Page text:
84 St. Marks Place
Brooklyn, NY 11217
(347) 227-7238

Northern Park Slope has what appears to be a World War One airplane hangar. It's a beer hall. The tables stretch deep into oblivion and the beer list is like a phone book. The food is also fantastic. A big warm pretzel with a pickle and mustard and a heaping plate of curried chicken spaetzle kept us happy into our second round. We arrived at Die Koelner Bierhalle on a weekend afternoon just after brunch was winding down. It wasn't too crowded, so we were able to get a seat of our choosing right away. Still, it was far from empty. As time wore on, the stroller set started to arrive. By the time we left there were no fewer than a dozen toddlers running around while mom and dad had lunch and chatted with friends over a pint. One person I was with thought that the scene was nuts but I appreciate a place that's both kid friendly and lets you drink. Parental sanity. Besides, if Park Slope is known for anything other than brownstones, it's strollers. If you've got a problem with little kids, brother you picked the wrong neighborhood.

4254 Arthur Kill Road
Staten Island, NY 10309
(718) 984-1202

Sometimes, it's fun to get into your car and drive out to the city's edge just to remind yourself of how large New York really is. Then, of course, when you get there, you'll want a beer. Killmeyer's has been around slingin' ale since 1859 and it feels it. The interior is pure German restaurant. Dark woods, family crests, medieval style tapestries. The outside is pure beer garden complete with weekly oompah bands. Sadly, on this particular day, it was rainy and sitting outside enjoying the garden just wasn't in the cards. But just looking at it, you know that it deserves to be on the list of places to visit. On the downside, the food was a bit dry, and telling their weinerschnitzel apart from their chicken schnitzel will take more skill than I have, but the service was friendly, the beer was cold, and on a crisp fall day I can see this as being the perfect place to hang out.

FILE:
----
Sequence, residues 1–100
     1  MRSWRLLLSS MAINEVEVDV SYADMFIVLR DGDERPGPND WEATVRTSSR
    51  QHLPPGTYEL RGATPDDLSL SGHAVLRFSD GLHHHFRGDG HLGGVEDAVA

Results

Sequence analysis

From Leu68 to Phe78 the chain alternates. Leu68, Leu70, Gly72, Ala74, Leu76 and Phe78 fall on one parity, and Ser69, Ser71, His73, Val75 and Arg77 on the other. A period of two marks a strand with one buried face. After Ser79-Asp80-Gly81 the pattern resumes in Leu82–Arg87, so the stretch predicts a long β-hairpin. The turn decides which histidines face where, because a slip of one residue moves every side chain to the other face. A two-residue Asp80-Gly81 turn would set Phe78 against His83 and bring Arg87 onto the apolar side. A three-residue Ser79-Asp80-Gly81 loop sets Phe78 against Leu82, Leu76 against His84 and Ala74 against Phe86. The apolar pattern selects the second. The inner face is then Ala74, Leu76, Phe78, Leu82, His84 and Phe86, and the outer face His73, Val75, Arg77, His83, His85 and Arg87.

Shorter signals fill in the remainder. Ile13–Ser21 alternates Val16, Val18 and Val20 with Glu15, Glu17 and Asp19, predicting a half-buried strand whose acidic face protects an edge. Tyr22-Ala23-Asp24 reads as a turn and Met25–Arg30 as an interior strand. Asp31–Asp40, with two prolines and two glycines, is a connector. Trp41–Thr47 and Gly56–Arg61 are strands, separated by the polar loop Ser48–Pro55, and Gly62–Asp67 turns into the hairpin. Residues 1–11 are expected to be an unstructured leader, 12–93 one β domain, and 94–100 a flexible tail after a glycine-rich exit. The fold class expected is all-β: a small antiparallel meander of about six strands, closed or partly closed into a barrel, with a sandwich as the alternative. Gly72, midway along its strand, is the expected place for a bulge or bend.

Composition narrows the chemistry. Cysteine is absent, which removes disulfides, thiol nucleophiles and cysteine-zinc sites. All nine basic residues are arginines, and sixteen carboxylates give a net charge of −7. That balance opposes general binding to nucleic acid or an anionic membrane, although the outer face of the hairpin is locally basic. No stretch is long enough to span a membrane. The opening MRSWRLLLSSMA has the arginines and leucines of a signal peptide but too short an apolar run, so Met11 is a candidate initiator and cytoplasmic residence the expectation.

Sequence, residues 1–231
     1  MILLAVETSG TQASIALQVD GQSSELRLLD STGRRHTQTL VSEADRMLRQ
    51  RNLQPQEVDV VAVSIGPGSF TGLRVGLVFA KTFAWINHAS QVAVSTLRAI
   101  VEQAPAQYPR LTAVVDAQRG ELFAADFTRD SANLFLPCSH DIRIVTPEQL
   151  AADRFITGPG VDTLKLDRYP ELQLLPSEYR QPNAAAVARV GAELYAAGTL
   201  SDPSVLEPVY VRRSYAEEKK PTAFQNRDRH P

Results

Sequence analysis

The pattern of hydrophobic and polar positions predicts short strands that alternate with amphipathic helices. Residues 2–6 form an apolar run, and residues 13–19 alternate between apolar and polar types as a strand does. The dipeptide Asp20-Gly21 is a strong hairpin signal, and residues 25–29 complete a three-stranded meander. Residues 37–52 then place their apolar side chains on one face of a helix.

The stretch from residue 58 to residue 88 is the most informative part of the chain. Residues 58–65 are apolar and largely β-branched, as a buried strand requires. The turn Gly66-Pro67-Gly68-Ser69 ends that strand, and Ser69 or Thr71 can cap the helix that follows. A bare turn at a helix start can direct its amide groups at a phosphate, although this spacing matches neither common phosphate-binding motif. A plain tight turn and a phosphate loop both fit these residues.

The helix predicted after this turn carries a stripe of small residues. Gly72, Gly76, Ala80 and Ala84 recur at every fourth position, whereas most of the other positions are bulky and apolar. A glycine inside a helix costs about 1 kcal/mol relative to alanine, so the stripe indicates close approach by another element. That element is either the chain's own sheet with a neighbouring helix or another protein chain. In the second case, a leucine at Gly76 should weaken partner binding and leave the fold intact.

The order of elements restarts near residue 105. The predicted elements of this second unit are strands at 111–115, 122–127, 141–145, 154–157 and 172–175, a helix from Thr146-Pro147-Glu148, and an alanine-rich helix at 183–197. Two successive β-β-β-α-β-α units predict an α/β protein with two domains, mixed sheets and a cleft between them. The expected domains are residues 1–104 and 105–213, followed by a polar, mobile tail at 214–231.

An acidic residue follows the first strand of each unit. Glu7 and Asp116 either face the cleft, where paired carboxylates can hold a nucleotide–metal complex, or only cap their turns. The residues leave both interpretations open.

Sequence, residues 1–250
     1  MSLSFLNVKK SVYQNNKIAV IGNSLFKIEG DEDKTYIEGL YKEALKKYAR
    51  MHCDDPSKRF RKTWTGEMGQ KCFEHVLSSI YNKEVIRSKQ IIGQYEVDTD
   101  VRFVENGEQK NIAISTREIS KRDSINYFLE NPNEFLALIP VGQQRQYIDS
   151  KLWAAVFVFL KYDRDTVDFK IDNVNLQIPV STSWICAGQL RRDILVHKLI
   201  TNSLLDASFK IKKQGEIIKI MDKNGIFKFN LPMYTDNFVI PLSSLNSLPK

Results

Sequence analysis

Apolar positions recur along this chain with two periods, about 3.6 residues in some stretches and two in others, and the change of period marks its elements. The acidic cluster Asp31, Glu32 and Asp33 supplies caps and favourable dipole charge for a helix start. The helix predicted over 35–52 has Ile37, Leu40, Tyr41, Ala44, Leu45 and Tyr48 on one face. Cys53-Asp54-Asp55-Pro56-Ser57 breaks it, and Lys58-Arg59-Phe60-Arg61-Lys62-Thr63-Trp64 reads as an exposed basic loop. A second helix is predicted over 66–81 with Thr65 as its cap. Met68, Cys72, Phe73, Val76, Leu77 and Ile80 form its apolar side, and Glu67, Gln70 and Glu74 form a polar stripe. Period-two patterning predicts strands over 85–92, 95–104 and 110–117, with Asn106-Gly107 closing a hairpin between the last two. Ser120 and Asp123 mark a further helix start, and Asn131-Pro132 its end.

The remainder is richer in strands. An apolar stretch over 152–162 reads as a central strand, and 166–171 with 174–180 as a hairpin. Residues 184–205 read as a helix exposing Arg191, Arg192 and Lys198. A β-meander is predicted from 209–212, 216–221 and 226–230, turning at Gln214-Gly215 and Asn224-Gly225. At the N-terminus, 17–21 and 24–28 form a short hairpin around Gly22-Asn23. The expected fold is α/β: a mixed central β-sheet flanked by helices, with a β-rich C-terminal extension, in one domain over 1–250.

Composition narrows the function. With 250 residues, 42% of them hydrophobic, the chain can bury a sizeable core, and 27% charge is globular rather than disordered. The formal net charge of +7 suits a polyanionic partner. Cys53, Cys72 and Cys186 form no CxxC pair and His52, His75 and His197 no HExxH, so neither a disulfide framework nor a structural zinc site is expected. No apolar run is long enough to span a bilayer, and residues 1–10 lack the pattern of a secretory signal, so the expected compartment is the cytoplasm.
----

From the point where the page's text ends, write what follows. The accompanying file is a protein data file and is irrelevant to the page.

19-33 37th Avenue
Astoria, NY 11105
(718) 606-0788

While Singlecut, up at the tippytop of Astoria, Queens, is not technically a beer hall, technically, it kind of is. So I've put 'em on the list. They have tables, food, and a ton of taps. They just also happen to make their own stuff in ten thousand gallon steel vats behind the bar. It's hard to choose from a list of a dozen home-made beers, from super hoppy IPAs to Belgian-style sour ales, but we couldn't find anything we didn't like. Having showed up at the tail end of a Sunday night meant that the kitchen was closed, but the menu looked great. It's mostly meat pies (of course, they have pretzels, too) and I'm dying to return to eat and bring along a growler, which they'll fill. If you'd like your Oktoberfest to be one that reaps the benefit of local beer, then get your butt on the Q train.